[Top][All Lists]

[Date Prev][Date Next][Thread Prev][Thread Next][Date Index][Thread Index]

Re: builtin read stops at '\0'

From: Greg Wooledge
Subject: Re: builtin read stops at '\0'
Date: Thu, 19 May 2011 07:59:47 -0400
User-agent: Mutt/

On Wed, May 18, 2011 at 02:10:39PM +0200, Rafaël Fourquet wrote:
>         If a line containing the '\0' is read into a variable, the content
>         of this variable does not contain the part after the '\0' character.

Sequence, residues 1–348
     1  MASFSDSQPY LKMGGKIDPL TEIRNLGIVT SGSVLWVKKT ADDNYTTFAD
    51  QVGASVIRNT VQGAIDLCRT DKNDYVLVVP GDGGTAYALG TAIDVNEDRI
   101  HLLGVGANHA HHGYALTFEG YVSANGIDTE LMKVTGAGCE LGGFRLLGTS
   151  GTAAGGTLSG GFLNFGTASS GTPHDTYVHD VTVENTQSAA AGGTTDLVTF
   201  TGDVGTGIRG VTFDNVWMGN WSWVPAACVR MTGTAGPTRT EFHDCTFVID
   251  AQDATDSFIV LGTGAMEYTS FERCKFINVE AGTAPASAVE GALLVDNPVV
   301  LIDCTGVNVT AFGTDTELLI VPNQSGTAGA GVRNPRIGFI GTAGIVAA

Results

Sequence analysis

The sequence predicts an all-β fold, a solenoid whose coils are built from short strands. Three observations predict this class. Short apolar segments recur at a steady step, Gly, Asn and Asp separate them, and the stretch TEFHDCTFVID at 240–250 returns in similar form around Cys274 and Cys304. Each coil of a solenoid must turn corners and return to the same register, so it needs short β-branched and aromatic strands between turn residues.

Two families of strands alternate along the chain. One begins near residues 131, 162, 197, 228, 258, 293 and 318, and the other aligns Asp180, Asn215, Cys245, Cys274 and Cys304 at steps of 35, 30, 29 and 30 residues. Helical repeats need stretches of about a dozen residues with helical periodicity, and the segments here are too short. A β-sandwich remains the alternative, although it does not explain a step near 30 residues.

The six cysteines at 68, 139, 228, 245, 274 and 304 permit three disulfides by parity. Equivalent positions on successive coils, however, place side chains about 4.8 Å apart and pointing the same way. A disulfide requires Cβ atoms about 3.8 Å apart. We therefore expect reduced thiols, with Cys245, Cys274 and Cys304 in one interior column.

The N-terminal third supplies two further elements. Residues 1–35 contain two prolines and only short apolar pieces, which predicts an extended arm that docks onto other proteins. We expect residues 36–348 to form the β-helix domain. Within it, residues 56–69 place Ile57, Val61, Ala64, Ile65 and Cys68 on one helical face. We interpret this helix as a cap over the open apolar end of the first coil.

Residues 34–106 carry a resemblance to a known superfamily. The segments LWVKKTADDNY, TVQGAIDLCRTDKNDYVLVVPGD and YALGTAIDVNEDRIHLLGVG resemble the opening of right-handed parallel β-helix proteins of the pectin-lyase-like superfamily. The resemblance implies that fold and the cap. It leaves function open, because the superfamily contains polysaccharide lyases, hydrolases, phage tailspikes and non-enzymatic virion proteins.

> Repeat-By:
>         echo -e 'a\0b' | (read f; echo $f)
>         The output is 'a', and '\0b' is stripped.

Bash stores strings the same way C does.  NUL marks the end of a
string.  So, even if f does contain a\0b, any attempt to retrieve
the value of f is going to stop at the NUL byte.

If you want to handle a stream of NUL-delimited strings in bash, the
best approach is to use read -d '', thus:

imadev:~$ printf '%s\0' one two three | while read -r -d '' s; do echo "<$s>"; 

read -d '' means "stop at NUL, instead of stopping at newline".

reply via email to

[Prev in Thread] Current Thread [Next in Thread]